Today’s art carries an inheritance from appropriative pop art as well as from subjective, expressionistic painting. Yet artists of today will not be subject to conventions dictated by the materiality of painting, the aesthetics of formalism, or the metaphorical or narrative function of the work’s content. Present-day pictorial practice defies limitations and gladly ventures into unknown territory; conventions can function as goals just as well as means, if the artist so wills it. It is often the abject, impure synthesis that is most valid, because it can take nothing for granted. For example, Chris Ofili has no scruples about combining glitter, images of super-stars and dried elephant dung, in an attempt to comment upon his complex multi-cultural reality.

This freedom from rules is also expressed in the painting Don’t Wake Daddy, where Martin Kippenberger‘s point of origin coincides with pop art’s cartoon aesthetics. The story is told in several transparent layers, and the picture lacks hierarchy and logical structure. Matthew Ritchie also attempts to explode his limitations. With the help of computers, his high cosmic painting challenges the laws of physics. In contrast to Mondrian, who sought to discover the truth about the world by employing a limited vocabulary, Ritchie’s models expand in all dimensions. He does not try to establish a traditional scientific epistemology; rather, he seeks to grasp the sum of knowledge available in our time. Although Ritchie prefers to make spatial installations with pictures spread out in sculptural formations, he conceives of painting as the most important and interesting medium because, as he argues, it is that artistic means which most closely parallels cerebral activity.

The artist Mari Slaattelid examines the materiality of painting. In the works Protective and Spegel/Mirror, she moves the pictorial plain of the painting both into and out of the motif, pushing it up onto the outer surface. In this way, the photograph addresses the limits of painting. Alternatively, photographs play a narrative role in the complex paintings of Fabrice Hybert. He photographs himself and his prototypes, and attempts to follow principles of homeopathy in order to make pictures that can function as an antidote to religious and cultural unrest. By contrast, disorder and turmoil take centre stage in Bjarne Melgaard’s watercolours, drawings and paintings. Melgaard protests against established art forms and attempts to artistically extradite his authentic self in a pictorial language which, in spite of its protest against established art forms, has references to well-known artists such as Edvard Munch, an artist who also ruminated over personal feelings in his paintings.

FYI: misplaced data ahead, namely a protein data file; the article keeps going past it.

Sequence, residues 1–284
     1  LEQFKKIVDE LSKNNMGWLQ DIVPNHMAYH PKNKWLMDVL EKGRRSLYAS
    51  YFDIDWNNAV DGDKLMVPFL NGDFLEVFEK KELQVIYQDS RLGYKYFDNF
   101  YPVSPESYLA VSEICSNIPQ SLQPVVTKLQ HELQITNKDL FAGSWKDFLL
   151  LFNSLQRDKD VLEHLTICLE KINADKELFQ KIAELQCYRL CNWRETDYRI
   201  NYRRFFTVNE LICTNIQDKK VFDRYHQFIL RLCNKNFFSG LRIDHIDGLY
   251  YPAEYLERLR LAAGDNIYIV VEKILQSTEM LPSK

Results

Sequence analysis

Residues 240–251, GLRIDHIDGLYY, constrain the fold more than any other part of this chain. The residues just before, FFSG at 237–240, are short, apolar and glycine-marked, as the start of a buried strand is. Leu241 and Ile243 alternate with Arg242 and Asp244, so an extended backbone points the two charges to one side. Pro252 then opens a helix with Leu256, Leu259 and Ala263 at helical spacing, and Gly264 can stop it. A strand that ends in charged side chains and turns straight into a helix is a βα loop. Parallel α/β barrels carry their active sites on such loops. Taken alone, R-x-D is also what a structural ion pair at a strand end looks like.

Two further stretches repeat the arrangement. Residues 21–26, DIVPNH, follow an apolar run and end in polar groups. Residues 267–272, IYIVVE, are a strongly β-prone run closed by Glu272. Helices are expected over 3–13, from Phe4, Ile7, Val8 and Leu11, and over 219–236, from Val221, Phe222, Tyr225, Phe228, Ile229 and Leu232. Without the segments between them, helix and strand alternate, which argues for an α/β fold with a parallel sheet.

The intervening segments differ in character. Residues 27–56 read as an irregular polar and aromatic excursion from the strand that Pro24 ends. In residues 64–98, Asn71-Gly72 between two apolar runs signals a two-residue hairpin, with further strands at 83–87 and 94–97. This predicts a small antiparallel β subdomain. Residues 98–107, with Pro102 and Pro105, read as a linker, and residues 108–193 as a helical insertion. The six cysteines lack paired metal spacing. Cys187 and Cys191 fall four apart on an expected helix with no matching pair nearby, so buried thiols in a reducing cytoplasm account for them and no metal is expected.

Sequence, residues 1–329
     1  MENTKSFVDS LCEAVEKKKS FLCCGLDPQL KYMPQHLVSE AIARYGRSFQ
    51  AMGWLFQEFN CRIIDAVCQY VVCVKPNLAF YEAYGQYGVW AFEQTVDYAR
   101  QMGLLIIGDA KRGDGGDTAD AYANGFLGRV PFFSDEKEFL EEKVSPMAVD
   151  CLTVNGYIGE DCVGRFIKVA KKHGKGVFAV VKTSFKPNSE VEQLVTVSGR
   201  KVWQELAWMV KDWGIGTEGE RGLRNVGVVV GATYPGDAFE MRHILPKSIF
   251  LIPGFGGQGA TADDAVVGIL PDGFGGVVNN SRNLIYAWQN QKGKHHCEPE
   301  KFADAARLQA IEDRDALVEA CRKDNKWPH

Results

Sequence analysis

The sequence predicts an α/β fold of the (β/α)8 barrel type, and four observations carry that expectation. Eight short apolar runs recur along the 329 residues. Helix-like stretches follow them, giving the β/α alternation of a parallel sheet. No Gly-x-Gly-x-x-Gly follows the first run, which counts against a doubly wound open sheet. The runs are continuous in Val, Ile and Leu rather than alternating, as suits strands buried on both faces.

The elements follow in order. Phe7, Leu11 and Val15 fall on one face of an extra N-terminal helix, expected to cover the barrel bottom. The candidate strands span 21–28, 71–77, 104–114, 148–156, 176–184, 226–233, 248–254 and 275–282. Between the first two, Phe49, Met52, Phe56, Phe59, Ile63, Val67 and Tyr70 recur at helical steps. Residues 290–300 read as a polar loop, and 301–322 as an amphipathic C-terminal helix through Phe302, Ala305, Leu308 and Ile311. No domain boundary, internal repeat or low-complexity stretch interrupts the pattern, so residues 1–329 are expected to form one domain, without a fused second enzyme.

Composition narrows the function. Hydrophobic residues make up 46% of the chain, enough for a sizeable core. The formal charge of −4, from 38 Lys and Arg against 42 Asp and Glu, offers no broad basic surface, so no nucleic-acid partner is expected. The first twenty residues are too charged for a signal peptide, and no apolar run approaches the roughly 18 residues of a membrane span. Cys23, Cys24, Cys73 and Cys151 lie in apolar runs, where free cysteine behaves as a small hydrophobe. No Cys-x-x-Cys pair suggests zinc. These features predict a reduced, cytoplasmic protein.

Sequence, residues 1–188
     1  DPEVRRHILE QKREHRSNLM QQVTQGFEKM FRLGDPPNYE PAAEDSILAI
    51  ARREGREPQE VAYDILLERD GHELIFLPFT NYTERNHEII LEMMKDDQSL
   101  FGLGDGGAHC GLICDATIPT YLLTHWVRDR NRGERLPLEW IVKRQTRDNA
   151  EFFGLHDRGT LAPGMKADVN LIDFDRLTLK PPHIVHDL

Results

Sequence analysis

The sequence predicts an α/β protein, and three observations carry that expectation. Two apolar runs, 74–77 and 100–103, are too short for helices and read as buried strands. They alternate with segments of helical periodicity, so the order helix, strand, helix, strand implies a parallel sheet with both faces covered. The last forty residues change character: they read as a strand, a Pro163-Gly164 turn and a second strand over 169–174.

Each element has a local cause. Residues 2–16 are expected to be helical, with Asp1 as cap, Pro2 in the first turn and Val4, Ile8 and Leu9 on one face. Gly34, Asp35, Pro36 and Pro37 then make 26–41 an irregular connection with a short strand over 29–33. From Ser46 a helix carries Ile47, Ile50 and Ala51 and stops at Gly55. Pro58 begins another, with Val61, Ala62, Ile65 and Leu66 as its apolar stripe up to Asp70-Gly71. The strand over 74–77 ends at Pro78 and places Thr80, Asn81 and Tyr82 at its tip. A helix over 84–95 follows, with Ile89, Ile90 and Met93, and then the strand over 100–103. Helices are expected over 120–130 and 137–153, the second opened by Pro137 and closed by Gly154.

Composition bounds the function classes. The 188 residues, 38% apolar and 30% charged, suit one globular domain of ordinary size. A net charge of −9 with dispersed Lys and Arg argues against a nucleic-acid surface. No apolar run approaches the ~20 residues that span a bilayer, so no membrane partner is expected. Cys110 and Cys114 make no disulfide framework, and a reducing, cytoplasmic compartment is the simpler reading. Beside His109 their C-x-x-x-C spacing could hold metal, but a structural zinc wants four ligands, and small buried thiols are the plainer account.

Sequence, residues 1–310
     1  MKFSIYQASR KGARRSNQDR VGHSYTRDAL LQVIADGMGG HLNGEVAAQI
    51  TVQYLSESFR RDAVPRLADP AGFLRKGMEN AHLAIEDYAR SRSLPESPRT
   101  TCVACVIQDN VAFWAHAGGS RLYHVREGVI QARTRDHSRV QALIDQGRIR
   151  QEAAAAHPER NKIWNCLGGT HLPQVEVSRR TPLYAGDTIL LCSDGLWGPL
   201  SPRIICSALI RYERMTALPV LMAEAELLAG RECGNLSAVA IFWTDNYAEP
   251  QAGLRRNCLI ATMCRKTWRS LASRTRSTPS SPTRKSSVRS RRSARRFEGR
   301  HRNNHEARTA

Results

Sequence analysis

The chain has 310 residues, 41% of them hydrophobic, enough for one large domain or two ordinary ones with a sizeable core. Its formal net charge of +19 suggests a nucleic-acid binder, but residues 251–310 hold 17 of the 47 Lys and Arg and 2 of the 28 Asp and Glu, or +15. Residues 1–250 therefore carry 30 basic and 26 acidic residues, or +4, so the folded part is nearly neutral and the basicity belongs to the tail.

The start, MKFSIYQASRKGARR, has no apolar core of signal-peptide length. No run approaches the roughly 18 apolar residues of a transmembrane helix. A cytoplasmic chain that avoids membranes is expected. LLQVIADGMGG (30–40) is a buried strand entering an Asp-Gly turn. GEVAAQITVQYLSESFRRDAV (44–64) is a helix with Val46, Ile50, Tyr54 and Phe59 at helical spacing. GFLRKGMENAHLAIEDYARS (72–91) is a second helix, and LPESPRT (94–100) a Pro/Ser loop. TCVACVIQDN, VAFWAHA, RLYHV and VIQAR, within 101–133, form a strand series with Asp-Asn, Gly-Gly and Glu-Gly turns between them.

Is it possible to summarize contemporary painting? Can we say anything about its general hallmarks? In a period where many have debated the justification for the continued existence of painting, interesting developments have continued to occur in the medium. Starting from Andy Warhol’s transferred images, painting has developed along with conceptual art, installation, photo, video and graphic art. While the modern painting comments upon its traditions and problems, it consistently offers new solutions, new perspectives and opens up further problems to solve. Artists tell stories and create reflections that reveal an awareness of the conventions and possibilities of painting, while as yet opening new doors and exploding limitations. The methods are exceedingly diverse, but the exhibition ‘The Paintings Never Dries… Reflections over Paintings in the Astrup Fearnley Collection’ shows a modern painting that is self-conscious, reflective and ever willing to be renewed.

Everyday Aesthetics – Works from the Astrup Fearnley Collection

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Sherrie Levine is happy to take whatever she feels she wants from well-known male forerunners, and through a process of emulation erase the ‘aura’ of the unique artwork. Appropriation artists, often defined as neo-conceptual, recycle mass-produced consumer wares and images. Although object-based art reaches back to Duchamp’s ‘readymades’, this mode of production has less to do with the definition of art – what art actually is – (and it is already received wisdom that artists can make art of everyday objects), but more with a symbolic dimension associated with familiar artefacts and images. Here it is the objects and pictures which, by means of widespread connotations and associations, inaugurate narratives that verify and expose our ambivalent hold on reality.